Being a sales manager is a tough job, especially when you’re promoted from within the company. This happened to me years ago. I was an award-winning sales rep for a consulting firm and was promoted to sales manager. Now my colleagues (and friends) were reporting to me. I knew them well and thought we would be a winning team. Boy, was I wrong!

The average tenure of a sales manager is less than two years, according to Top Sales World CEO Jonathan Farrington. For sales managers who are promoted from within, it’s less than 18 months.

And I quickly found out why…

Off to a Rocky Start

Becoming the boss wasn’t easy or much fun … at least not at first. I had to set goals with each person and hold them accountable for meeting their quotas. It was my job to make sure they did their jobs well, and to point out when and where they needed improvement.

Translation: I was no longer anyone’s friend. One person even yelled at me, and she finally quit.

In hindsight, I realize that I hadn’t set realistic expectations for our new relationship. I never sat down with each person and discussed what they needed from me, what I needed from them, my responsibilities as sales manager, and the best way to relate to each other given this new dynamic. I never acknowledged that moving from a peer relationship to our new arrangement would be difficult. I guess I thought everything would work out by itself.

It didn’t. Instead, I ignored what could happen and was hesitant to deal with confrontation. After all, we were friends. But in the end, I really messed things up with my local team.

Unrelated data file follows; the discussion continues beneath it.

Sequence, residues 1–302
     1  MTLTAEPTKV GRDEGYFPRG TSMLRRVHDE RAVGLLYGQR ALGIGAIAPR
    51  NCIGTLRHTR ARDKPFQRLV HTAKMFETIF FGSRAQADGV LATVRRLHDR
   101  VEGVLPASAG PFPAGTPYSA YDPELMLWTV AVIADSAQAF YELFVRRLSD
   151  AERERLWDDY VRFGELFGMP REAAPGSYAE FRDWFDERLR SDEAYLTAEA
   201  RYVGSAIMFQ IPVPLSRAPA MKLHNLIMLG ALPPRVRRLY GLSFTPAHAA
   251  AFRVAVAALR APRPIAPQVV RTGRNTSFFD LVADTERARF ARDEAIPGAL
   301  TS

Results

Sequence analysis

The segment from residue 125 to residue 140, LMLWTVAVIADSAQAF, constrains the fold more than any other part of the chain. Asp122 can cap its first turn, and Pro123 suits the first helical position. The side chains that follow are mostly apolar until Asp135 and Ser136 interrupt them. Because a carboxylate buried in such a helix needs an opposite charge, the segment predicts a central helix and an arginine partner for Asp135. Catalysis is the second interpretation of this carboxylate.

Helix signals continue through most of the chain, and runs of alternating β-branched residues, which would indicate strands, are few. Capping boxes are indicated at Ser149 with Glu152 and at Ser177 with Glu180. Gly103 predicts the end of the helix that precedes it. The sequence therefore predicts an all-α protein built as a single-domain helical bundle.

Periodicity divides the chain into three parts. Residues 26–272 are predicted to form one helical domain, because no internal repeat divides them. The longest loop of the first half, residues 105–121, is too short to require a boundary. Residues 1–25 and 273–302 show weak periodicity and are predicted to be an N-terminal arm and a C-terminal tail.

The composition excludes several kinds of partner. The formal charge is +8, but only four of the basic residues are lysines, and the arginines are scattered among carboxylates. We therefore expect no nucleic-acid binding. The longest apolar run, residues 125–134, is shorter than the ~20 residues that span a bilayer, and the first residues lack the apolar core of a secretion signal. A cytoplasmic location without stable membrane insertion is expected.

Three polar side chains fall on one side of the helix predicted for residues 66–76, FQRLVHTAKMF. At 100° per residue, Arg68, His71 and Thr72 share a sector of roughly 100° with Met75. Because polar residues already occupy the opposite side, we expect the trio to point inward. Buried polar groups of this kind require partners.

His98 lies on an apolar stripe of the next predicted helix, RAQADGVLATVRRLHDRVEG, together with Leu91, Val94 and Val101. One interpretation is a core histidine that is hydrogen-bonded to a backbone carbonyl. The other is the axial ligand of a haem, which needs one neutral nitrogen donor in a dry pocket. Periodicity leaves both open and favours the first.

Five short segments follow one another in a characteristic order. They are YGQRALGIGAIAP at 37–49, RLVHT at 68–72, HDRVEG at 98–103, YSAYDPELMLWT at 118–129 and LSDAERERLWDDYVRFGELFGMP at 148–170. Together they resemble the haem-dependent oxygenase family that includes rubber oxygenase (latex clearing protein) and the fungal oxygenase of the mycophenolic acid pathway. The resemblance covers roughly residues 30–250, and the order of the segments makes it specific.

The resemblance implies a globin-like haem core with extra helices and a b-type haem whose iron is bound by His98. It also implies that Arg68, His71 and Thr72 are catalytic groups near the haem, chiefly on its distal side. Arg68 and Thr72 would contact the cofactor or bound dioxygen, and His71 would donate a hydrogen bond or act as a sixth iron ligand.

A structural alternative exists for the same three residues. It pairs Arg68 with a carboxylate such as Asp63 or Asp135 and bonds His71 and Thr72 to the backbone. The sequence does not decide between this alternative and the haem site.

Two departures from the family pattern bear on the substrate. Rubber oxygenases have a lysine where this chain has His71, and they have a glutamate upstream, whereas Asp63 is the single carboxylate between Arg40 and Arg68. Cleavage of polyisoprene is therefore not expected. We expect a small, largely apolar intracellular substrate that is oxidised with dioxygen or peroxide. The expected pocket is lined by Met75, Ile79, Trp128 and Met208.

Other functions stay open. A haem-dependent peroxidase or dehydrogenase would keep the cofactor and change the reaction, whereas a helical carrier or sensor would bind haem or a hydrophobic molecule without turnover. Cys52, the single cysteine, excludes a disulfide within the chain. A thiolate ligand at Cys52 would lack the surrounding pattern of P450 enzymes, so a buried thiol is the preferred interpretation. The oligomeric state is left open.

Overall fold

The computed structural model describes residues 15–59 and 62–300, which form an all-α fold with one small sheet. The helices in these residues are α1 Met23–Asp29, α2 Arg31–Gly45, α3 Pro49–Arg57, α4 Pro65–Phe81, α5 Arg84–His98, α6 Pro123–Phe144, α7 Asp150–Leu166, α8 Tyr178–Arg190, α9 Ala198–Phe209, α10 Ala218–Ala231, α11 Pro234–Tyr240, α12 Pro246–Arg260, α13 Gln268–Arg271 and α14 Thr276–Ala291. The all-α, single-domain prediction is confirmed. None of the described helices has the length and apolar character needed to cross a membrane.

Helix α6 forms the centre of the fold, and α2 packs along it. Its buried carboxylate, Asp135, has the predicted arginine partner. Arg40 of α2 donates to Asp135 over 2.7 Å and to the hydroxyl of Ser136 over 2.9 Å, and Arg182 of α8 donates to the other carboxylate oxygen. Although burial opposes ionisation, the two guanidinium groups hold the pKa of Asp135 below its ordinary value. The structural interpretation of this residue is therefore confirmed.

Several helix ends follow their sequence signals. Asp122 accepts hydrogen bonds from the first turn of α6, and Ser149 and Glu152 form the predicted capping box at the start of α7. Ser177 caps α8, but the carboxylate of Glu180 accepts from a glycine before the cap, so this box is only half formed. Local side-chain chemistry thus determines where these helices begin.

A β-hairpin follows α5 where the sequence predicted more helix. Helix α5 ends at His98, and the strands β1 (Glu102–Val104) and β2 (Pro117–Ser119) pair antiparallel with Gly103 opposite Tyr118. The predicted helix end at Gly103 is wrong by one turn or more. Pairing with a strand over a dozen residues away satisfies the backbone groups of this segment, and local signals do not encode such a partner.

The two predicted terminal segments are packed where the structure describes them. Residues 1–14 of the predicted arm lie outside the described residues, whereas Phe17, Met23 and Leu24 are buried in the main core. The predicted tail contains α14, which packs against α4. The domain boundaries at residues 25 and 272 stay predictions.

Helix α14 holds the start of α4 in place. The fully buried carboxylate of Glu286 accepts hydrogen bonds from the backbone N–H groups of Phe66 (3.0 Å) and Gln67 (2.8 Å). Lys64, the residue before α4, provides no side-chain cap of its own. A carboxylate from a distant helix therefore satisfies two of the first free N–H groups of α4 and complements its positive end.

I inherited teams in two other geographies, and that transition went smoothly. Since I hadn’t worked with them before, we started off fresh—and I had the important conversations about expectations of each other.

Set Up to Fail?

I never received training or guidance on how to manage a team. One day I was a sales rep, and the next day I was a sales manager. Sure, I knew my quota and the quotas of my team. I spoke to them regularly about their pipelines and forecasts. We strategized and set goals. I knew what it would take for them to succeed, but I didn’t know how to help them get there without being “bossy” and upsetting them.

The big problem occurred when one of my reps—a good friend—was lagging behind. (Yep, she’s the one who yelled at me and quit.)

I guess it was a good thing, as I now had the opportunity to hire new sales reps. With them, the dynamic was entirely different because I had learned some important lessons about sales management:

  • Set the stage in the beginning and lay ground rules for interaction
  • Understand each person’s weaknesses and manage to their strengths
  • Tell it like it is (facts matter and confrontation is OK)
  • Pay attention to early warning signs and let people go before things get worse
  • Let sales reps fix their own problems (don’t jump in because you can do it better and faster)

I will never again underestimate the significance of a rep-to-manager transition. I would even go so far as to advise against managing the same group of people who once worked alongside you. But sometimes those are the cards you get dealt.

Remember to give yourself a break. Change isn’t easy, and it always comes with a learning curve. But make sure your organization provides you with opportunities to learn how to be a sales manager. Ask for training and for help. It will save you tons of time, and you’ll make better, more informed decisions.

If someone had told me that, I would have been a better sales manager and friend.

Joanne Black is America’s leading authority on referral selling—the only business-development strategy proven to convert prospects into clients more than 50 percent of the time. She is a member of the National Speakers Association and author of NO MORE COLD CALLING™: The Breakthrough System That Will Leave Your Competition in the Dust and Pick Up the Damn Phone!: How People, Not Technology, Seal the Deal. To learn more, visit www.NoMoreColdCalling.com. You can also follow Joanne on Google+ or Twitter @ReferralSales, or connect on LinkedIn and Facebook.

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